We realize that many sincere Catholics pray on behalf of loved ones who have died, particularly seeking to have them released from purgatory.  But these people also pray directly to those who have died.  They imagine that those “on the other side” of death actually hear their petitions.  (We know that the chief example of this is prayer to Mary.)

The Catechism of the Catholic Church puts it this way:

Communion with the dead.  “In full consciousness of this communion of the whole Mystical Body of Jesus Christ, the Church in its pilgrim members, from the very earliest days of the Christian religion, has honored with great respect the memory of the dead; and ‘because it is a holy and wholesome thought to pray for the dead that they may be loosed from their sins’ she offers her suffrages for them.”  Our prayer for them is capable not only of helping them, but also of making their intercession for us effective.[31]

Several points may be made about this justification for prayer to the Catholic saints.  The Catechism says that “it is a holy and wholesome thought to pray for the dead.”  Rick Jones answers, “According to God’s Word, it is neither holy nor wholesome to pray for the dead.  Christians are instructed to pray for the living, but not one example exists of true Christians praying for the dead. This is another tradition of men.”[32]  What about the statement that “praying for the dead can help loose them from their sins”?  Jones replies, “Here is a tradition built upon a tradition.  The Scriptures never suggest that this statement is true. . . . One must be loosed from sin before death.”[33]  Finally, the Catechism says that their intercession for us can be effective.  Actually, Scripture reveals that the Holy Spirit “intercedes for us” as He dwells in the faithful Christian (Romans 8:26).  Further, Paul tells us that Jesus Christ, “at the right hand of God” is the One who “intercedes for us” (v. 34).  With both the Holy Spirit (in us) and the Lord Jesus Christ (in heaven) interceding for us, what need do we have of any human intercessor with God the Father?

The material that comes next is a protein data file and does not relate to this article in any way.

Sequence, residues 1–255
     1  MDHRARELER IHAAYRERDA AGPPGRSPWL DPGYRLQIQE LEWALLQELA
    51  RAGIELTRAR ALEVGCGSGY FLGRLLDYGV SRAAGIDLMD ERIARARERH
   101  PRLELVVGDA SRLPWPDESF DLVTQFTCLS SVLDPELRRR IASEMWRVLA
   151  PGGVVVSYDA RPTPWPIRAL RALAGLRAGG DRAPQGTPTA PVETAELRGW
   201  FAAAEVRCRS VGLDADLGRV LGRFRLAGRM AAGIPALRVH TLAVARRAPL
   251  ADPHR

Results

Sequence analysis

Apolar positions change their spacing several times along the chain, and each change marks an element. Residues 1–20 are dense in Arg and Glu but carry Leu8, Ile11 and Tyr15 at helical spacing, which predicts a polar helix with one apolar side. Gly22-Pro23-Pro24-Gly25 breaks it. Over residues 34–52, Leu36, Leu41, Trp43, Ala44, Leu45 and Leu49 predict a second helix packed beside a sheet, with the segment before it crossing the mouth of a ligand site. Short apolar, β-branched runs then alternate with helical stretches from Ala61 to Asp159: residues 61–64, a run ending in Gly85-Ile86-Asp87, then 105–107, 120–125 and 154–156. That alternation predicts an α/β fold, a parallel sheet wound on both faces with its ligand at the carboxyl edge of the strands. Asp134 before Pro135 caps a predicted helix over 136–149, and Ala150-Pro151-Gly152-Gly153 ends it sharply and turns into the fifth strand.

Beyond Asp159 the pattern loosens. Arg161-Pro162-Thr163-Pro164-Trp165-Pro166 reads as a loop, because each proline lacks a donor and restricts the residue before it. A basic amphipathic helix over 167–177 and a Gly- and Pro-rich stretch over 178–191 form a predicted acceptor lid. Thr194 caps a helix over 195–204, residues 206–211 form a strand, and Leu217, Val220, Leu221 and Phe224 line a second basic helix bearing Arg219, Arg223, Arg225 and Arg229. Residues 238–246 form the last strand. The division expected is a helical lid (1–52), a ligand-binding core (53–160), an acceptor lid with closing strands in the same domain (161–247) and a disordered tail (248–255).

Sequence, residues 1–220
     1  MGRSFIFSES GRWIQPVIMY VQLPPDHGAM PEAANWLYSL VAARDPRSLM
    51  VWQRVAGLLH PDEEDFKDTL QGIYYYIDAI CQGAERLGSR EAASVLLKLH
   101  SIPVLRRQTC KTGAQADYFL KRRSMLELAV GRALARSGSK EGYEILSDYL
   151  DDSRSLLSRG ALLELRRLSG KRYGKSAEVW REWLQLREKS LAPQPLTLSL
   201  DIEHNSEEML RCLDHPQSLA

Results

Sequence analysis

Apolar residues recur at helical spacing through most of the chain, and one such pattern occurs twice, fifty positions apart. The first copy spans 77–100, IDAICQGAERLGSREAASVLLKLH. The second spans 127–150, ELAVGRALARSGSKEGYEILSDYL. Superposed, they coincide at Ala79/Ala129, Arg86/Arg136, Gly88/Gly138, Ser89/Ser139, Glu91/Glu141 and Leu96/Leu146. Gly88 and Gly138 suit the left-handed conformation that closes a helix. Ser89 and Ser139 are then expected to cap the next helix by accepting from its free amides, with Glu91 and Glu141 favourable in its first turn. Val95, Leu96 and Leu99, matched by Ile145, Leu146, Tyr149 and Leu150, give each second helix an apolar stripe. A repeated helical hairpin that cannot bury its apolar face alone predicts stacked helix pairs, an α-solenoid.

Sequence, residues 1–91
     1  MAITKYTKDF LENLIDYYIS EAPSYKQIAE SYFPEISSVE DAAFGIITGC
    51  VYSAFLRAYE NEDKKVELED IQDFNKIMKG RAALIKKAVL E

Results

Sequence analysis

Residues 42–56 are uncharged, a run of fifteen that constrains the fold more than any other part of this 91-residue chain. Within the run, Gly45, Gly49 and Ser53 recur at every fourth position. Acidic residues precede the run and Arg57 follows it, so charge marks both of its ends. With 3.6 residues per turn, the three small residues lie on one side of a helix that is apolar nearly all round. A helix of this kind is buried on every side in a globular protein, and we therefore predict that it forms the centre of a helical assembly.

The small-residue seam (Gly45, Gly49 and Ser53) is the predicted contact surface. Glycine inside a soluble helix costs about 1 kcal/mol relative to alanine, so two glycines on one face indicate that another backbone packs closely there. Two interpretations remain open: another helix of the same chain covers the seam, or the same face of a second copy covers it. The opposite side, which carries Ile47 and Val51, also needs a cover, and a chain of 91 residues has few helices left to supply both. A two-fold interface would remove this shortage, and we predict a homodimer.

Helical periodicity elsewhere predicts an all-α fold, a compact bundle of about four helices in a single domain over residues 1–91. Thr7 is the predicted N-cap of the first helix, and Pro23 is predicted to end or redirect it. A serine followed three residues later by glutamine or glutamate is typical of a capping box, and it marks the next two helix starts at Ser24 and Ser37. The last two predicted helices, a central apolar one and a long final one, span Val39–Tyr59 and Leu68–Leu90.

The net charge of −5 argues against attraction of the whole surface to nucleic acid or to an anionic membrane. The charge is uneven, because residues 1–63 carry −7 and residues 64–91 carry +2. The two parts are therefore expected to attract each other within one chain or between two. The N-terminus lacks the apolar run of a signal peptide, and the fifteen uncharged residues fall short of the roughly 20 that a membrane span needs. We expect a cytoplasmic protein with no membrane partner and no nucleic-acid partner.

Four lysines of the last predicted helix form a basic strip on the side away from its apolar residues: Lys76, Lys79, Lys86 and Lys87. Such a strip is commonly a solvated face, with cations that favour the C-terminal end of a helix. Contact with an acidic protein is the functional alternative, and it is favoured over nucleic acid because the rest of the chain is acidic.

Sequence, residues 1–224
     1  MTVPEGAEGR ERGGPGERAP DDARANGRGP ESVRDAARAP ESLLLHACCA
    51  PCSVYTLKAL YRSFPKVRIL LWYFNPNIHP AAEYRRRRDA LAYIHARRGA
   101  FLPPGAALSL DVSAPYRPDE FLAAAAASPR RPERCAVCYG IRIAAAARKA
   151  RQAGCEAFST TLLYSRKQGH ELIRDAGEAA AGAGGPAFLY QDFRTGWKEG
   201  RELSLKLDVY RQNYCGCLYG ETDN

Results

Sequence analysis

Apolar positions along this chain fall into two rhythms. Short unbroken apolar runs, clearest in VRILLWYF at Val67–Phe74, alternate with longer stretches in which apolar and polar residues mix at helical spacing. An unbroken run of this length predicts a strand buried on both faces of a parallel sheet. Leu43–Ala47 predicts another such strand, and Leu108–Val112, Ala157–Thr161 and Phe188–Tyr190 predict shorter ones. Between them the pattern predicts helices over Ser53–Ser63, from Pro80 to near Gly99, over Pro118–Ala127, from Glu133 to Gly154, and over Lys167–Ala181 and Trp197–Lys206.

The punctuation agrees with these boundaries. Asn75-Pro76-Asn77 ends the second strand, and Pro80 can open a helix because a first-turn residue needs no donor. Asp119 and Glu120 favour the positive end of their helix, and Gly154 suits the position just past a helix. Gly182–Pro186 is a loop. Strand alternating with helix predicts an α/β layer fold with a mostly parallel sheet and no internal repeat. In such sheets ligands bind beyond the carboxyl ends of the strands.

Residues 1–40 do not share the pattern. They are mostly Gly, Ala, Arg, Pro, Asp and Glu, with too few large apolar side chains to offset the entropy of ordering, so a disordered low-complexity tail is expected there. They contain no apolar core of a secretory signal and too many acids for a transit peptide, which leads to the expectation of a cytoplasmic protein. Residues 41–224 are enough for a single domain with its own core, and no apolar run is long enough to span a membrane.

As to the question of prayer to departed dead who are assumed to be in heaven with God, we must again emphasize that they may not know anything about what is happening on earth, they would not be able to “hear” our prayers to them, and they are not God with the ability to “answer” our prayers to them.  Both prayer to “saints” and prayer “for” saints are wrong, according to the Bible.

  1. The Punishment of Purgatory and use of Indulgences

Protestants may be shocked to learn that Catholics believe in four possible destinies of those who die.  First, hell is the place of punishment for those who die in alienation from God, in mortal sin, and who choose their will before God’s will.[34]  A second destiny is a place called “Limbo.”  “In the case of infants, a rather common theological opinion has been that infants who die without baptism are excluded from heaven but spend eternity in a state of natural happiness called limbo.”[35]  These unbaptized babies will never see God, the “beatific vision.”  The third place is called Heaven, the eternal dwelling place where all will have a face-to-face vision of God and enjoy eternal life.[36] Only particularly “holy” people will go directly to heaven.  The fourth place is called Purgatory.

Purgatory is thought to be a place of purification and punishment after death where the Catholic with venial sins is prepared to enter heaven.  “Those are punished for a time in purgatory who die in the state of grace but are guilty of venial sin, or have not fully satisfied for the temporal punishment due to their sins.”[37]  These sinful Catholics “must go to purgatory where they will have to suffer much more intensely than they would have if they had accepted the sufferings of earth.  Their love is purified in purgatory, but it does not grow. . . . In purgatory, God’s cleansing fires burn away the soul’s selfishness till its love becomes perfect and it is ready to fly to heaven.”[38]  Note that Catholics with mortal sins go directly into hell, whereas those with venial (lesser) sins only go to purgatory where the sufferings are temporal and not eternal.  Perhaps hell may be likened to a life sentence in prison, but the purgatory is like a period of time in the county jail from which the prisoner will finally be released.